1. The Anglo European College of Chiropractic and its dubious track record with regard to research:
2. The Welsh Institute of Chiropractic, to which enquiries have been made in the past regarding the science base for its teachings:
(I understand from the neuroscientist who made the enquiries that they were met with evasive responses.)
Complex wrote: “If your so concerned about the manipulative professions (Osteopaths and Physiotherapist included) maybe you could offer ways of improving where you see us lacking, and guiding where you see us failing. Clearly having set yourself up as a gold standard, it appears morally and intellectually incumbent on you to disseminate your wisdom in the name of improvement and not subjugation.”
I have pointed out ways in which chiropractors could improve themselves for years and still see no attempt from them to establish the basics – i.e. standardisation and the implementation of *reliable* adverse event reporting systems.
Complex wrote: “However, I suspect a constructive approach is not half as much fun being the dismissive arrogant cherry picker that you appear to be, a pursuit endlessly able to find fault with whatever counter arguments are put. So I’m going to get on with my science and I’ll leave you to the ranting. Adieu Monsieur Bleu.”
OK…………Yes yes, I said no more, but clearly this is fun and as an academic who spent years trying to expose false thinking and champion the truth…I just cant (YET) let your comments go….
The adverse event reporting is called Chiropractic Patient Incident and learning reporting system (CPiRLS), run by the Royal College of Chiropractors, who you feel deserve such maligning (http://rcc-uk.org/index.php/cpirls/). Its limitation is that is self reporting and of course you will say that that just doesn’t cut the mustard, but an entirely similar system is there for GPs (The Yellow Card Scheme). Interestingly there has been a 39% drop in GPs reporting adverse events leading to a paper this February published in the BMJ titled ‘GPs are urged to report adverse drug reactions after a 37% slump over nine years’ (http://www.bmj.com/content/346/bmj.f690). In the real world it is pretty difficult to get clinicians to keep up with this stuff, so I am neither knocking the GPs or the Chiropractors. However, at the very least the chiropractors have a system. Perhaps you can tell me oh wise one which system in the world achieves this perfectly.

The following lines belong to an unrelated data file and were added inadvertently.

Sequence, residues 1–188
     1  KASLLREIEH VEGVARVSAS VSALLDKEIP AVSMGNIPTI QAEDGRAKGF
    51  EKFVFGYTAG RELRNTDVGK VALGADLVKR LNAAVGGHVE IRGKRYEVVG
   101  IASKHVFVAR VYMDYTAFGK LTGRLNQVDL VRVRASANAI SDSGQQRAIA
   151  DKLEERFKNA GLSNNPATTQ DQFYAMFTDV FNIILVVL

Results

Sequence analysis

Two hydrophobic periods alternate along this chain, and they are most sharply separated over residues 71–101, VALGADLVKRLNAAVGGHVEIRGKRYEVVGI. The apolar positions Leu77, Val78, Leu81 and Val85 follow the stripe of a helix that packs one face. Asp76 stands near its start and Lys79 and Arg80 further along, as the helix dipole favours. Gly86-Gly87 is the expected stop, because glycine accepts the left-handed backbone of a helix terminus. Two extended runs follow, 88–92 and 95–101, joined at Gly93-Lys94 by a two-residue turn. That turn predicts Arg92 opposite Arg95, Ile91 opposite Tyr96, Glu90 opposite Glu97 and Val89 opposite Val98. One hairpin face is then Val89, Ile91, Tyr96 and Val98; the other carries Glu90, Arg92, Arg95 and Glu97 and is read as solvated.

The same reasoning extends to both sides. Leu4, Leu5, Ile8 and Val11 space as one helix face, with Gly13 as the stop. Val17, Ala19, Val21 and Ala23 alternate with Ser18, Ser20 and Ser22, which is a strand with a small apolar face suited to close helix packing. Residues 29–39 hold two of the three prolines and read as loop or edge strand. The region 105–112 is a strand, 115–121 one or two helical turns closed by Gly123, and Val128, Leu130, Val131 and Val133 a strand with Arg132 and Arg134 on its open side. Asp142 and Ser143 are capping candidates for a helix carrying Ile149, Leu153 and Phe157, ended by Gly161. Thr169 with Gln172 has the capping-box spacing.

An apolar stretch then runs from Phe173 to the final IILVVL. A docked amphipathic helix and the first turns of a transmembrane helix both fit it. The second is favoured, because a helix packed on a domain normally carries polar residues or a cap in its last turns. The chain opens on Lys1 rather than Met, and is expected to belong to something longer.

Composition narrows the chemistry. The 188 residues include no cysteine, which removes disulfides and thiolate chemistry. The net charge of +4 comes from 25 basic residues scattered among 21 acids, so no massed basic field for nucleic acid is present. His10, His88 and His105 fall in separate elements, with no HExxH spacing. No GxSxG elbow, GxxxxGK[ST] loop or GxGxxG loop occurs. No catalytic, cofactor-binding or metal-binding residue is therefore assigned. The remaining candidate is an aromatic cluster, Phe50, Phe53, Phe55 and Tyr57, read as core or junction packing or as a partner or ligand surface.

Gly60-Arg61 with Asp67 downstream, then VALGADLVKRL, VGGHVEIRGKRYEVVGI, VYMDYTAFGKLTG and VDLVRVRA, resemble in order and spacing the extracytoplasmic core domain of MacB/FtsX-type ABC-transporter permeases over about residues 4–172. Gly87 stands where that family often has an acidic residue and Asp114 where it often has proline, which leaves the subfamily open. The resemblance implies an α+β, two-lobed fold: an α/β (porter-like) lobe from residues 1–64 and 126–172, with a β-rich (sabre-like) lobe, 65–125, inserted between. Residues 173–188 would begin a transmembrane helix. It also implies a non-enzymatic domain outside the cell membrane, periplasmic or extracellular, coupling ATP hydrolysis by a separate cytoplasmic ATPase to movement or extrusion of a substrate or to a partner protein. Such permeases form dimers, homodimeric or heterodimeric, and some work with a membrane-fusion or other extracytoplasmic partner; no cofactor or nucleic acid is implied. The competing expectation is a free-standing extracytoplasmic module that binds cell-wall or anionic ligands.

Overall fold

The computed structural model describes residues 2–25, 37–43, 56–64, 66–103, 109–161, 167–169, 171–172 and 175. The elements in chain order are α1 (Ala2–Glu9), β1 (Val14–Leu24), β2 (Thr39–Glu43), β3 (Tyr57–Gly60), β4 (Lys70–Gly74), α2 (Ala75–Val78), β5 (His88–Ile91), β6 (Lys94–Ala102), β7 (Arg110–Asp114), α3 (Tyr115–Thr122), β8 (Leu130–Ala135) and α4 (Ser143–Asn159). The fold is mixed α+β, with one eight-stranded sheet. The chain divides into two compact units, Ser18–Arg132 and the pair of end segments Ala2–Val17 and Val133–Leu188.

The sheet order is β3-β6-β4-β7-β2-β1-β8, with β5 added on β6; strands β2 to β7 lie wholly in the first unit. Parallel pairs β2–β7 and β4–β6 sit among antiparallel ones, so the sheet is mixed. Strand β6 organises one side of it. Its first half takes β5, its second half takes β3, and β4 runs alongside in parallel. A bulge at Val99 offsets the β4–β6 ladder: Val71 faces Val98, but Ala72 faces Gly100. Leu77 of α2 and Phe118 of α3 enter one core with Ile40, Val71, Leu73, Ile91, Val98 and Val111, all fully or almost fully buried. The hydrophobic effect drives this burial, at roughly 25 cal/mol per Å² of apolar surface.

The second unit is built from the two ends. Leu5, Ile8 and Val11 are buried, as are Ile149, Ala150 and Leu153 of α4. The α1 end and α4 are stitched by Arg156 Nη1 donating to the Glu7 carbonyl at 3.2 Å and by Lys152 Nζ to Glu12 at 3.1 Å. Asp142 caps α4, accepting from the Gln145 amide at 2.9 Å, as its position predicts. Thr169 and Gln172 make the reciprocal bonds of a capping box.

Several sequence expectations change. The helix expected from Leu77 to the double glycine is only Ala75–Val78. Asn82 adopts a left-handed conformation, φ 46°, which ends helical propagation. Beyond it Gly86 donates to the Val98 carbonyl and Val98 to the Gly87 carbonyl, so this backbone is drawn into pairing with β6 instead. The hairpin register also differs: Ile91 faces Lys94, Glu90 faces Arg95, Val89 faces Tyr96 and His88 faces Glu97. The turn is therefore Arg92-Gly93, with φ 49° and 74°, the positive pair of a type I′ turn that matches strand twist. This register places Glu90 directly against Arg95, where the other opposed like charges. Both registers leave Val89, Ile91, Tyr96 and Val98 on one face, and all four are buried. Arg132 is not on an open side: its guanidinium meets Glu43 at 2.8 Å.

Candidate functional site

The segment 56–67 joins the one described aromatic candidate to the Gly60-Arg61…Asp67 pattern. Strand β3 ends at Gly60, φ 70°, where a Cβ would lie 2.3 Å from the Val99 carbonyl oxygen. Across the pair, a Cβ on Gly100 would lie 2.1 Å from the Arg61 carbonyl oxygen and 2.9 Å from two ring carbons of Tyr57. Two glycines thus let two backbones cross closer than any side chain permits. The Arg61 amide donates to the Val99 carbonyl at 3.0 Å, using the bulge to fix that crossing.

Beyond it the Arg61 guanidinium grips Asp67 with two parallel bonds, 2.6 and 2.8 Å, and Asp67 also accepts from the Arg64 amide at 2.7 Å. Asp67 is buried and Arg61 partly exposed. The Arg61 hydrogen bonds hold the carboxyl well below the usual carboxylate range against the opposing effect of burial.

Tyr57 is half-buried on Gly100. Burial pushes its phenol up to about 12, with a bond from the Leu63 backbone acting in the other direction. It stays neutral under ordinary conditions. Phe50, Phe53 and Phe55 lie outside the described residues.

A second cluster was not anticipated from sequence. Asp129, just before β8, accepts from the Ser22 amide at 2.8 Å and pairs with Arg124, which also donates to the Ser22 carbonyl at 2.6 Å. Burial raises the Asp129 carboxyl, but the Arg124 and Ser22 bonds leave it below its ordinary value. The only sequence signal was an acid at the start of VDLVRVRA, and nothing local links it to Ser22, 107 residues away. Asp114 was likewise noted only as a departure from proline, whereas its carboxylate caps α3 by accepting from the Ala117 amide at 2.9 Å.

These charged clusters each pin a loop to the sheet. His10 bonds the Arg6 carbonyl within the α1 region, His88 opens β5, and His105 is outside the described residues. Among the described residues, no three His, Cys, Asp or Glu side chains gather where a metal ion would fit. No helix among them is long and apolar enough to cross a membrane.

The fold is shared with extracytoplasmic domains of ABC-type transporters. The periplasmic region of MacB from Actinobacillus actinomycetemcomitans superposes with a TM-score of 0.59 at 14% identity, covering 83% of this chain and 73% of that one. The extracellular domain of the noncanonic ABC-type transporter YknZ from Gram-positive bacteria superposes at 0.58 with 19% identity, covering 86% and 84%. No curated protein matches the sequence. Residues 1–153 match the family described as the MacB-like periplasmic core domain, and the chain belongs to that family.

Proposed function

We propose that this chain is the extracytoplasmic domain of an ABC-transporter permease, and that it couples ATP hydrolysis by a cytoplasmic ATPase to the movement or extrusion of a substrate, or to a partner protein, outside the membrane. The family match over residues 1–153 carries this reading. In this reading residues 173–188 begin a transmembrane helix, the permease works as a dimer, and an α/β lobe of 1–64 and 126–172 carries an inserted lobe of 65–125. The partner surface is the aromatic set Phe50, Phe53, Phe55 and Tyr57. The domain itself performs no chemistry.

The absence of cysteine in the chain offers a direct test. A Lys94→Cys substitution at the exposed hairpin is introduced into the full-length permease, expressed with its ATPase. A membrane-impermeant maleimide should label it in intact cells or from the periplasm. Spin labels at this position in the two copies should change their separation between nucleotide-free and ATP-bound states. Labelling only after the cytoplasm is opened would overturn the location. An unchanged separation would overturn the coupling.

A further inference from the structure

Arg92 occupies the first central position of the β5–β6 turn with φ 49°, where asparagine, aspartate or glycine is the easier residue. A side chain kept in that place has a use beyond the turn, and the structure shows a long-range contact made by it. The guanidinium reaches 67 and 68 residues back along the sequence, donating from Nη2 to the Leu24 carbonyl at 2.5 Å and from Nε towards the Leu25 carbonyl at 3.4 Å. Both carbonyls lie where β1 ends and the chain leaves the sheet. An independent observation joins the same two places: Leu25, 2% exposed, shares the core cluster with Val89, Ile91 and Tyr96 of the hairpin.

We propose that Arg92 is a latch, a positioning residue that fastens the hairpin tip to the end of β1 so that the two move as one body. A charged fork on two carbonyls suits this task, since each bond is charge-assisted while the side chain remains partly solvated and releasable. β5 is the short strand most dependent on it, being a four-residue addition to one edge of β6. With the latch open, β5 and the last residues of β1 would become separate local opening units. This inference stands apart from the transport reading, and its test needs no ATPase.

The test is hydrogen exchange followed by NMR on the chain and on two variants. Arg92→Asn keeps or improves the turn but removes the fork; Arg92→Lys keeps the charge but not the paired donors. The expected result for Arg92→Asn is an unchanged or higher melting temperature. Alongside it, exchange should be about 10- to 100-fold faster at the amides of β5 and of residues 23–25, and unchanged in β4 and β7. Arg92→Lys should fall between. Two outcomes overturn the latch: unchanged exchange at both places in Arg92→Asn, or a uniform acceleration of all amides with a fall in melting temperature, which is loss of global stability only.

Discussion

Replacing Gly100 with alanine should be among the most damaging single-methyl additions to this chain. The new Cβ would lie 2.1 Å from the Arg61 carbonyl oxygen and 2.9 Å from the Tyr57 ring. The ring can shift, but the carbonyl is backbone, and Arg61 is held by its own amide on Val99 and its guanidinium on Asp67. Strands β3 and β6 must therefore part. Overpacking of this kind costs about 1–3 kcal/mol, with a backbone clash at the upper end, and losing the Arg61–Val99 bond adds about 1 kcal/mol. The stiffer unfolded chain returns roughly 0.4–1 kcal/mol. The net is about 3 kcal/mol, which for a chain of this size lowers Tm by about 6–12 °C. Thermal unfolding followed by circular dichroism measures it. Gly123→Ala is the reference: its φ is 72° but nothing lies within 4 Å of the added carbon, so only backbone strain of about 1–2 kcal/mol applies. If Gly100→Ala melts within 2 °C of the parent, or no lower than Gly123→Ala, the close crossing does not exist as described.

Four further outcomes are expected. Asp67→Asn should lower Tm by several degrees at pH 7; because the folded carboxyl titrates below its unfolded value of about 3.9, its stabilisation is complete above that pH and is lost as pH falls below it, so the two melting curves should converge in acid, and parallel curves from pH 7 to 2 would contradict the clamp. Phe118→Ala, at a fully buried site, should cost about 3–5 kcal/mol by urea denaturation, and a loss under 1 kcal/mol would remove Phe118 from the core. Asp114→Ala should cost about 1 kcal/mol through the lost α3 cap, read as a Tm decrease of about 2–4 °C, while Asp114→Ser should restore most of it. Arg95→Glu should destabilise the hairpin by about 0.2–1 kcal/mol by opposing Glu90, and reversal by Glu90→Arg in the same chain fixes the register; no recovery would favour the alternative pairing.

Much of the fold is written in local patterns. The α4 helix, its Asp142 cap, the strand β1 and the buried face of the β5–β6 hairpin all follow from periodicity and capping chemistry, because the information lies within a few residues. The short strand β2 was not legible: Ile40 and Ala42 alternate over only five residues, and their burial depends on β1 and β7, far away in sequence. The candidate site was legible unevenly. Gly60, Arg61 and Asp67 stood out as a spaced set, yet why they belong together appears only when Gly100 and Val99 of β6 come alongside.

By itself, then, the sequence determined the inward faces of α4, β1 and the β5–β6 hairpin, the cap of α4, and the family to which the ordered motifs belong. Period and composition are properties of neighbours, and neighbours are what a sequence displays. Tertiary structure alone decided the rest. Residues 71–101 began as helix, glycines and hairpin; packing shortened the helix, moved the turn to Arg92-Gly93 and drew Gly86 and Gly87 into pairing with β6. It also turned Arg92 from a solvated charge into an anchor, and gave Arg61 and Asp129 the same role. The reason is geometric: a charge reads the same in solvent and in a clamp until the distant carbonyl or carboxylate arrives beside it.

Another recent report on adverse events is here……interestingly those receiving sham had significant numbers of adverse events, but in any case all events (manipulated or sham) were entirely non serious……….http://www.ncbi.nlm.nih.gov/pubmed/23778372.
I guess this cant be said for NSAID pain killers (aspirin and the like) where a comprehensive study suggested that, and I quote ‘ “NSAIDs cause approximately 3500 hospitalisations for and 400 deaths from ulcer bleeding per annum in the UK in those aged 60 years and above”. This translates to a attributable risk of around 270 per 10,000. (http://gut.bmj.com/content/52/4/600.full) That’s without the evidence that the ibuprofen family of drugs are increasingly linked to higher risk of CHD. NOW, I’m not knocking these medications. They are very useful and serve millions of people well, but one must look at relative risk and benefit. In aspirins case that risk/benefit is considered worth it and GPs will happily (as will the public themselves) prescribe huge quantities of them every year.
Now given that Low Back Pain is the number 1 global disability burden, and that no treatment or management for it is any better than manipulation ( i.e. manipulation is as good as anything out there) AND that the estimated incidence is of serious side effect is at the very worst 1 per 10,000, it looks like there could be a risk benefit case to make.
Really, we can all play with numbers. Here’s a headline, ‘Taking aspirin shown to be 270 times more dangerous than going to see a chiropractor!: New research study shows!!’…………..Is that the balance the research deserves?
You seem to re direct me to an awful lot of publications by Edzard??…..is that you Edzard?….is it…is it! :>)
Complex wrote: “The adverse event reporting is called Chiropractic Patient Incident and learning reporting system (CPiRLS), run by the Royal College of Chiropractors, who you feel deserve such maligning (http://rcc-uk.org/index.php/cpirls/). Its limitation is that is self reporting and of course you will say that that just doesn’t cut the mustard, but an entirely similar system is there for GPs (The Yellow Card Scheme).”